is switching baby formula the right move for you?
tips on finding the right formula for your little one
By Dr. Smita Malhotra, Wellness Advisory Panel member for Plum As a pediatrician, one of the most common reasons parents bring their newborns into my office is persistent crying. Oftentimes, parents of babies that are formula fed want to switch their baby to a different formula with the hope of alleviating the fussiness. But, choosing the right formula for your baby can feel very overwhelming, as there are so many options. There can be a few different reasons that babies cry frequently – some of which may require a change to the feeding plan, and others that do not. Below, we’ll take a look at three of the most common reasons, and whether or not a change in formula can help. Colic The medical definition of colic is frequent crying in an otherwise healthy baby. Babies affected by colic cry for three hours a day, for more than three days a week, lasting three weeks or more. Colic starts in the first few weeks of life and affects up to 30% of babies. So, how do you know if your baby has colic? Babies with colic often bring their legs up to their tummy, clench their fists and have tense abdominal muscles. Parents often ask what causes colic and while there is no definitive cause, it’s thought that these babies are overly sensitive to stimulation and have difficulty self-consoling. With colic, switching formulas usually does not help to alleviate the symptoms – it often resolves on its own around three to four months of age. However, as a parent who had a child with colic, I know this can feel like an eternity! Cow’s Milk Allergy One of the most common allergies in the first year of life is cow’s milk protein allergy, which can affect 2-3% of babies. This occurs when the baby’s immune system mistakenly identifies the protein in cow’s milk as dangerous, and releases chemicals such as histamine, which trigger an allergic reaction. While the symptoms of cow’s milk allergy are somewhat similar to colic, babies with cow’s milk allergy have additional symptoms such as vomiting, diarrhea, blood in stools and/or eczema.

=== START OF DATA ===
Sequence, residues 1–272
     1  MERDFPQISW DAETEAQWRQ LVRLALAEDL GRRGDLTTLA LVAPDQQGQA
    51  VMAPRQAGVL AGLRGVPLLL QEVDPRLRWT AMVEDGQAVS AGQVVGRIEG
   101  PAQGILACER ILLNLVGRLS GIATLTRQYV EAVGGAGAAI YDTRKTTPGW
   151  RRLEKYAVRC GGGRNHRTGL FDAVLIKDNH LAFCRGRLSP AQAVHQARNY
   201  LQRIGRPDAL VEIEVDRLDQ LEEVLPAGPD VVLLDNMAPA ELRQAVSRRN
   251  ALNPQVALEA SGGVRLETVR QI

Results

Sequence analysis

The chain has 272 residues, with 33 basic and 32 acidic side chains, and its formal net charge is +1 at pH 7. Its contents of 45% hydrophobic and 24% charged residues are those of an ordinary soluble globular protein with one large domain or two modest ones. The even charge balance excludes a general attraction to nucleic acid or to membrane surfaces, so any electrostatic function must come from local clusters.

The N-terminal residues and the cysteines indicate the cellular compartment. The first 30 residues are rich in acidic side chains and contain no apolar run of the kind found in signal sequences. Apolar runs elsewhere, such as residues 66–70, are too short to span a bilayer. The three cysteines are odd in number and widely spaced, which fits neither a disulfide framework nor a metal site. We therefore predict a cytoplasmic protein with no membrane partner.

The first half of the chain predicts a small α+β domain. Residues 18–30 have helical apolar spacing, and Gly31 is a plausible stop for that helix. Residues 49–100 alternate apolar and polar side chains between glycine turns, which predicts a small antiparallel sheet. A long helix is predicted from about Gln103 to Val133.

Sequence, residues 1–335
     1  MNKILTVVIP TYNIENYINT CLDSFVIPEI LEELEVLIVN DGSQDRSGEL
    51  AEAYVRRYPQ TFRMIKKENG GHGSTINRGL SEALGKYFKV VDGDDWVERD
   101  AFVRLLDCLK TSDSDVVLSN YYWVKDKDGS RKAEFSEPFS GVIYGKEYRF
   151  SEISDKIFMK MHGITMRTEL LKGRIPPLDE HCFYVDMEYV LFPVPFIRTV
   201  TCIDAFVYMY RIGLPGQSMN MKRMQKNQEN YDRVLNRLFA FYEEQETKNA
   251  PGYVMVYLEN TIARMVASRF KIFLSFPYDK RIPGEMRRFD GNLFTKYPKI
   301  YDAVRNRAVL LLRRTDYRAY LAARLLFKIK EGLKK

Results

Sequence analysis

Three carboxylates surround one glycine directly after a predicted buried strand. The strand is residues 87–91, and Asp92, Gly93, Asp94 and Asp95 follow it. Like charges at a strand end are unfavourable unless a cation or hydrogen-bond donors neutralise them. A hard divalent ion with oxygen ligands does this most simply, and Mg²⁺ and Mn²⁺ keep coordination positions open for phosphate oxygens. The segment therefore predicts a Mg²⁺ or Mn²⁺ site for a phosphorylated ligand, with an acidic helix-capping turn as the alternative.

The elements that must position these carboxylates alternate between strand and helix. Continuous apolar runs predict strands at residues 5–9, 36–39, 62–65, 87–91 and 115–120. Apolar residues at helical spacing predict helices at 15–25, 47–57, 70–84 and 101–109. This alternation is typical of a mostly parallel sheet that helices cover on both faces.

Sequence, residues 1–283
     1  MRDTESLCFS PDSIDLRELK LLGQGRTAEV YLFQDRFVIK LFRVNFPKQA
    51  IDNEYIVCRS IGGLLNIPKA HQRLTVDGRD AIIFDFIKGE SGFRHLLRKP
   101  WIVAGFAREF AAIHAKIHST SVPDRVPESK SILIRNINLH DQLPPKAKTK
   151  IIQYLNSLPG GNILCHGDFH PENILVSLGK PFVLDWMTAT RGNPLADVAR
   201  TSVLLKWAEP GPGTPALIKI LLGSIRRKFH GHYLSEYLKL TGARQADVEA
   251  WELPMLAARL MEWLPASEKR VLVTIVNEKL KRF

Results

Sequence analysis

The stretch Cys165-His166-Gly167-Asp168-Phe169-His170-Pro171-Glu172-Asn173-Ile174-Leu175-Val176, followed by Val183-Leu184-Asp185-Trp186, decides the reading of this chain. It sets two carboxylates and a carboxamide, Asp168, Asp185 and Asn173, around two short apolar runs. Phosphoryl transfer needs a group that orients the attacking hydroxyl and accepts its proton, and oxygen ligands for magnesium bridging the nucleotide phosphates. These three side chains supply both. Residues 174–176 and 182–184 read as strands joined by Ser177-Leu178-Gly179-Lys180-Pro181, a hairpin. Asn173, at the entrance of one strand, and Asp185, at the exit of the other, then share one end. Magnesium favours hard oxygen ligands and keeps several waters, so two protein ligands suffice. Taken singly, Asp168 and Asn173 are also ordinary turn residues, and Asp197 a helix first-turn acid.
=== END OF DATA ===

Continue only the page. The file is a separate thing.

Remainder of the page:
- Breastfeeding only: If you are exclusively breastfeeding your baby, pediatricians may recommend that you follow a dairy-free diet. This is because even a small amount of cow’s milk could trigger an allergic reaction.
- Formula feeding only: If you are formula feeding your baby, pediatricians often recommend a hydrolyzed formula, such as Plum Organics' Gentle® Formula. These formulas have the protein in the cow’s milk “hydrolyzed”, or broken down into smaller pieces so that the baby’s immune system doesn’t detect the protein and cause an allergic reaction.
- Combo feeding: If you are breastfeeding and formula feeding your baby, then you will most likely need to follow both recommendations outlined above.
- Breastfeeding only: If you are exclusively breastfeeding your baby, pediatricians will likely recommend a dairy-free diet. Babies that have congenital lactose intolerance will need to be fed a lactose-free formula, because even if mom avoids dairy products, her breastmilk will still contain lactose.
- Formula feeding only: If you are formula feeding your baby, pediatricians usually recommend a lactose-free formula.
- Combo feeding: And if you are both breastfeeding and formula feeding, you will most likely need to adhere to both recommendations.